Today’s post is about a recurrent question related to jail credit for periods of confinement in response to violation (CRV). First, a 30-second refresher on the basics of CRV.
When a probationer commits a violation other than a new criminal offense or absconding, the court may order a period of confinement in response to violation. CRV is 90 days for a felon and up to 90 days for a misdemeanant. If a person is on probation for multiple offenses, CRV periods “shall run concurrently on all cases related to the violation.” G.S. 15A-1344(d2). After the defendant has received two CRV “strikes” in a particular case, he or she may be revoked for any subsequent violation. Any CRV periods served in the revoked cases “shall be credited pursuant to G.S. 15-196.1.” Id.
That brings us to today’s question. Suppose a defendant is on probation for three convictions with 8–19 month suspended sentences in each case, set to run consecutively in the event of revocation. Assume the conditions of probation are identical in all three cases. During his probation, the defendant commits a technical violation for which the court imposes a 90-day CRV in each case. As noted above, under G.S. 15A-1344(d2), these three CRV periods must be served concurrently. So the defendant serves 90 days in prison and returns to probation. How is that time credited if the defendant’s probation is later revoked?
It seems to me that the defendant must get 90 days of credit against each of the three sentences, for a total of 270 days. And I think that’s the case regardless of whether the sentences are run consecutively or concurrently upon revocation. The time was in fact served in each case, and no statute directs the court to disregard it when completing the revocation order in an individual case.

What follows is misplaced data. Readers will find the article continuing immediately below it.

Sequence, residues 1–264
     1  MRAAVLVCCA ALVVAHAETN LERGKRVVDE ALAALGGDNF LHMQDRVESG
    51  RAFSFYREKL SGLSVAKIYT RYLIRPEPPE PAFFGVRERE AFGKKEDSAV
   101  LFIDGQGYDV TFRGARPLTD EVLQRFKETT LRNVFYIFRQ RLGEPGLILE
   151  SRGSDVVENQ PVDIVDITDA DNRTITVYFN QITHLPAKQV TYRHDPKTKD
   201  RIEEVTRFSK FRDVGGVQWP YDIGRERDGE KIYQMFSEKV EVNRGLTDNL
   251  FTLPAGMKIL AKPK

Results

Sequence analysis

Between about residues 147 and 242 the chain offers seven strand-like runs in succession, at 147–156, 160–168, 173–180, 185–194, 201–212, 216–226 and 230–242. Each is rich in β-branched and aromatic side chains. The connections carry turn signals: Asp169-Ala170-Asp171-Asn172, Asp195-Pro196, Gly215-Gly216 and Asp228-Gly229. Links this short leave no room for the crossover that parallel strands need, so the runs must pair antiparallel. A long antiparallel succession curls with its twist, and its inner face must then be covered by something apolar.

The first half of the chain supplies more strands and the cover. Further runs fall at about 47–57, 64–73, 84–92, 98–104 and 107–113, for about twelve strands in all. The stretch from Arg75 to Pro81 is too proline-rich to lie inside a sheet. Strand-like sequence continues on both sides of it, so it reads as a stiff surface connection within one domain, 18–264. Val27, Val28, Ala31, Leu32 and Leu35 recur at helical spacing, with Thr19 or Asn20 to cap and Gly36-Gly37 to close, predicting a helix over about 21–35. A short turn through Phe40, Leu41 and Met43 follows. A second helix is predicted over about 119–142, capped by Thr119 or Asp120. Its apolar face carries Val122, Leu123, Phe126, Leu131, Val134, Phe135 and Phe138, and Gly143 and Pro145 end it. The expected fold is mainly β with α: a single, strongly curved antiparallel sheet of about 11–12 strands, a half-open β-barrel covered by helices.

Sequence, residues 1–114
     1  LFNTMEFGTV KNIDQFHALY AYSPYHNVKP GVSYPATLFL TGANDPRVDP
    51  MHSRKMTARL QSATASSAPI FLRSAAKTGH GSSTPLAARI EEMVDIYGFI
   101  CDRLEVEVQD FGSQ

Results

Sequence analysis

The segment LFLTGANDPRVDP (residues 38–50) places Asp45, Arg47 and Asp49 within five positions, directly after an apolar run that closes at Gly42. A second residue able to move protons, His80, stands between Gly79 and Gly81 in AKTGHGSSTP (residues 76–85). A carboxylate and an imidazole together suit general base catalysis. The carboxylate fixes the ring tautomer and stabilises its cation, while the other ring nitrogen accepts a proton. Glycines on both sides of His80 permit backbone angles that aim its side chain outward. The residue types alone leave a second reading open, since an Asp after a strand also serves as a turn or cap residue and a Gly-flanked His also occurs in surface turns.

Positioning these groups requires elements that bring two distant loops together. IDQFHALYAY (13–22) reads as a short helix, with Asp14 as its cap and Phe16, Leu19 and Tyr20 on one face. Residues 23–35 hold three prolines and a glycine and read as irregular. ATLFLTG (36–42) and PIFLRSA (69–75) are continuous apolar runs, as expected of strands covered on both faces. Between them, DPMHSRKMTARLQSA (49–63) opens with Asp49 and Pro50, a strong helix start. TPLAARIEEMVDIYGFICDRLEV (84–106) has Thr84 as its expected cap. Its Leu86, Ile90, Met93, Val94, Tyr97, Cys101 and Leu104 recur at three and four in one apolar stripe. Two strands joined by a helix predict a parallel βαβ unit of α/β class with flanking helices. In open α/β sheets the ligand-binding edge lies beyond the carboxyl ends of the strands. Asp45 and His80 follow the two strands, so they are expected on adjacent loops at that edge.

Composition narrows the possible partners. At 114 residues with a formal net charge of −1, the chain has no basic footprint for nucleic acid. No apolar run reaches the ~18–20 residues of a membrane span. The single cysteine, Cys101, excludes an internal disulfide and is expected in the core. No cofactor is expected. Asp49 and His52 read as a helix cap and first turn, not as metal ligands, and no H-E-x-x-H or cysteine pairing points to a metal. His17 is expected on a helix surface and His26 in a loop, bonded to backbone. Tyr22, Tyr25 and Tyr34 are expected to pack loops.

If that feels strange, it’s probably because it’s different from how we credit pretrial jail credit when a defendant is held on multiple charges. In that context, when a defendant winds up getting consecutive sentences, we do not multiply any shared credit for pretrial confinement by the number of consecutive sentences for which the defendant is imprisoned. That is so because G.S. 15-196.2 tells us not to multiply it. The reason for that rule is that when a judge winds up ordering consecutive sentences, we learn for the first time that the defendant has, to that point, been serving the only first sentence in the consecutive string, and that service of the second and subsequent sentences is yet to come. And so we credit the pretrial confinement only once.
Neither G.S. 15-196.2 nor the rationale behind it applies to CRV. First, G.S. 15A-1344(d2) makes no reference to the non-multiplication rule of G.S. 15-196.2; it says only that prior CRV periods shall be credited pursuant to G.S. 15-196.1. Second, unlike pretrial confinement, CRV is mandatorily and unmistakably concurrent from the get-go. Yes, the remainder of any activated sentences may wind up being served consecutively, but that does not trump the legislature’s command that any portion of the sentences served as CRV “shall run concurrently.”
I should note that not everyone agrees with me on this. I know some clerks will not credit CRV time against multiple cases, and I’ve certainly heard from judges, prosecutors, and probation officers who find that sort of double (or triple, as in my example above) counting of the time to be downright offensive. To be sure, crediting of the time in this way lessens the impact of any consecutive suspended sentences ordered by the court. But I don’t see how the law can be read to allow for the un-crediting of time actually served in each case, when the General Assembly has ordered that portion of it to be served concurrently.